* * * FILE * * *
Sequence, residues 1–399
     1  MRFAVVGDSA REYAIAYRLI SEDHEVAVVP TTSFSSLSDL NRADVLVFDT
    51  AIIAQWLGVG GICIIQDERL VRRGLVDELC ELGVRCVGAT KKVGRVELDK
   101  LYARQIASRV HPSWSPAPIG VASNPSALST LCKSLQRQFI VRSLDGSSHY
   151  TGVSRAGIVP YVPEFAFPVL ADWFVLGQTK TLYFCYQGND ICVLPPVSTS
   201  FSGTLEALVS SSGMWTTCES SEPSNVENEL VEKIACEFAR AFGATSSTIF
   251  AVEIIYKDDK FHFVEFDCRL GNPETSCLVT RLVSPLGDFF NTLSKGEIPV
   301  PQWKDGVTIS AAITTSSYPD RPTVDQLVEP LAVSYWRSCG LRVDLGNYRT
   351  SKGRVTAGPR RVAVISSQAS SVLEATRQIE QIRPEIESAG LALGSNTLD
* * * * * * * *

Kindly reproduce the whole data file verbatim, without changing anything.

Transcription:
Sequence, residues 1–399
     1  MRFAVVGDSA REYAIAYRLI SEDHEVAVVP TTSFSSLSDL NRADVLVFDT
    51  AIIAQWLGVG GICIIQDERL VRRGLVDELC ELGVRCVGAT KKVGRVELDK
   101  LYARQIASRV HPSWSPAPIG VASNPSALST LCKSLQRQFI VRSLDGSSHY
   151  TGVSRAGIVP YVPEFAFPVL ADWFVLGQTK TLYFCYQGND ICVLPPVSTS
   201  FSGTLEALVS SSGMWTTCES SEPSNVENEL VEKIACEFAR AFGATSSTIF
   251  AVEIIYKDDK FHFVEFDCRL GNPETSCLVT RLVSPLGDFF NTLSKGEIPV
   301  PQWKDGVTIS AAITTSSYPD RPTVDQLVEP LAVSYWRSCG LRVDLGNYRT
   351  SKGRVTAGPR RVAVISSQAS SVLEATRQIE QIRPEIESAG LALGSNTLD